7/23/1997 NOTES From The White County Historical Society Library

White County Historical Society Library
by Charlene Shields!
This article appeared in THE CARMI TIMES
July 23, 1997

Ecstatic Letter from Deborah Cooper

An ecstatic letter from Deborah Cooper of Atlanta, Ga. made my week. She had been searching for information about a great-great-grandmother who was orphaned as a little girl. I thought she had an unsolvable problem. However, through a query in an earlier column, she made some contacts and is now well on her way to filling in some missing places in her family tree.

The story she learned might make a good movie plot. When this grandmother was orphaned as a little girl, the stepfather gave all the children away at the cemetery. The snow was up to the hubs of the wagon wheels and was covering the new grave of the mother, so the stepfather was giving the children away as rapidly as he could find neighbors to take them. Generations passed before the descendants made contact, to piece together the story of what had happened to the children. Here's another tough genealogical problem: WOODALL--What was the maiden name of Susan Woodall, born in 1797 in Georgia? What was her husband's given name? He must have died prior to 1850, as she is the head of a household in the Posey County, Ind. census that year. She had a daughter, Susan Woodall, who married Jesse C. Fox.
Contact Eunice Fox Fontenot,
833 Oakwood Drive,
Gretna, LA 70056.
Telephone 1-504-392-4439.

The last two columns have carried excerpts from the late J. Robert Smith's New Haven Pioneer Life.

It is now continued:

"Some who didn't hunt for animal skins or raise hogs for trading distilled their own whisky and brought it to the store to trade for goods. Others cut shingles in the forest and sold them at $1 per 1,000. Quite a few made hoop poles to be shipped down the river and sold to southern plantations. There they were used to bind around the barrels of tobacco and sugar. Some made pork barrels for $1 each and sold them to the pork dealers.
"Merritt Taylor and William Abbot made money hauling goods to and from 'the Bluff,' which was McFadden's Bluff, later renamed Mt. Vernon [Ind.]. The place was named at first for William McFadden, who went there in 1805. The ground on which Mt. Vernon now stands was owned by General William Henry Harrison, who sold 185 acres there to Aaron Williams, of Big Prairie, Ill., for $500 and a horse.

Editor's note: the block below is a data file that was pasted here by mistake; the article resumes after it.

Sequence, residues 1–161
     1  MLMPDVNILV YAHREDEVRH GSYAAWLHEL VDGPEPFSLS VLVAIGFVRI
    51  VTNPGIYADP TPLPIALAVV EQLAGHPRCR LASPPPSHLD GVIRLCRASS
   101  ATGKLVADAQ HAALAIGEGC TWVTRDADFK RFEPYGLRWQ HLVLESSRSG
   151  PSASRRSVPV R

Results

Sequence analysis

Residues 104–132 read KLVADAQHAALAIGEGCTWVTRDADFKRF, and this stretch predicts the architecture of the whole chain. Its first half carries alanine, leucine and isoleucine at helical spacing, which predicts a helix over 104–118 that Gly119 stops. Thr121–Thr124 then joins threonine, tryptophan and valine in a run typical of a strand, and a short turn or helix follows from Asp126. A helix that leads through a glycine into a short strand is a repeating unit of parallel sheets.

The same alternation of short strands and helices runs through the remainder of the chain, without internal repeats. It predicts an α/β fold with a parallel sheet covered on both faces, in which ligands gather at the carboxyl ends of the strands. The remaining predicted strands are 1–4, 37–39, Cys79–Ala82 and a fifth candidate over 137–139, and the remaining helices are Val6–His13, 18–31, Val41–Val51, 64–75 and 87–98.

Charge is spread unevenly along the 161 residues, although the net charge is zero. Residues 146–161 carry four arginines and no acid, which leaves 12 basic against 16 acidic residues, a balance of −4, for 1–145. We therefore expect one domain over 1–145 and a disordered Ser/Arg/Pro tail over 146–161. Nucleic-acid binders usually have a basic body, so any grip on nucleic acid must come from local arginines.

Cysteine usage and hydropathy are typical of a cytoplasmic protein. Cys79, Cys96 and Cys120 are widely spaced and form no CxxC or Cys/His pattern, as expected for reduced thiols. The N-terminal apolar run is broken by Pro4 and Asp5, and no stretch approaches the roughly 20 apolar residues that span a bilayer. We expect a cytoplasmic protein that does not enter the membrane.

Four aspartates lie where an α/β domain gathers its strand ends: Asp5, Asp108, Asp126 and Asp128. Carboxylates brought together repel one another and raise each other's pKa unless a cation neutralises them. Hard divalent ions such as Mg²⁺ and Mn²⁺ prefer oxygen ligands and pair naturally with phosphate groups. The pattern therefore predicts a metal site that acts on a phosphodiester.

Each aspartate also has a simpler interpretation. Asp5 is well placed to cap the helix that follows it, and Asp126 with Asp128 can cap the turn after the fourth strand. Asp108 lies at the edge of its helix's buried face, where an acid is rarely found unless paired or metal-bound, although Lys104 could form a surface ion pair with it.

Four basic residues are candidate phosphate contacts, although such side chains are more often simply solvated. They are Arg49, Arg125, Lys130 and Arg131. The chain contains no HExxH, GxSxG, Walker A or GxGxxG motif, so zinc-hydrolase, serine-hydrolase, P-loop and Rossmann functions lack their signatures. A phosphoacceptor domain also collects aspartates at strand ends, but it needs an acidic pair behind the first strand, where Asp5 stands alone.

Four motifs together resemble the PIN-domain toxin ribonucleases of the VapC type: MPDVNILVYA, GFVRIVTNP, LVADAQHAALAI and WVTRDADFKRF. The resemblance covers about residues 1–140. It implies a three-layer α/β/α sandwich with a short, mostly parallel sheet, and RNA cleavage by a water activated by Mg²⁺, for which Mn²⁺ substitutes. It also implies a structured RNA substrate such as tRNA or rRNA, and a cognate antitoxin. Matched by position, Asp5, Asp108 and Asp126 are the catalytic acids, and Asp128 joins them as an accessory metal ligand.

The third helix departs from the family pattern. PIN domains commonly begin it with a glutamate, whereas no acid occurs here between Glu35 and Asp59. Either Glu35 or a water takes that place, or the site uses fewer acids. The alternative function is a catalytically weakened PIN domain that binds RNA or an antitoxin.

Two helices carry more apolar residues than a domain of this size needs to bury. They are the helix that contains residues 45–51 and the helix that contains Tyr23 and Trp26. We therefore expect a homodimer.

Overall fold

"At New Haven, Elizabeth Andrews made shirts for $1 each, and Sarah Moore received $3.50 for making a pair of shoes. "Workmen were paid 50 cents a day, although some doing certain arduous work made as much as 75 cents a day. On Dec. 3, 1818, Samuel Kellogg contracted to work in the New Haven store for 6 months at $15 per month, all to be taken out in goods except $10 to be paid in cash.
"Prices paid by pioneer housewives included: eggs 12 1/2 cents a dozen, salt 6 cents a pound, chickens 10 cents each, tallows 12 1/2 cents a pound, soap 25 cents a bar, flannel 62 1/2 cents, broadcloth from $2 to $4, silk $1.50 and ribbon 25 cents per yard, buttons from 25 to 50 cents a dozen and socks from 87 1/2 cents to $1 per pair.
"Men bought twist tobacco at 12 1/2 cents, flints 25 cents a dozen, lead at 15 cents per pound, powder from $l to $1.25 a pound, nails 25 cents a pound, a curry comb 37 l/2 cent, and a grindstone, $2.75.
"On Dec. 7, 1818, Hugh McCannon had a death in his family. He sent his son to the store and, according to the ledger, here is what he purchased: '2 quarts of whisky, 62 1/2 cents cash tomorrow, and nails and planks for coffin, 62 1/2 cents.'"
(To be continued)

We continue to be comfortably busy with letters and visitors to our Genealogy Library. We're open from 11 to 5 on Wednesdays. Come join us.

Posted with permission from

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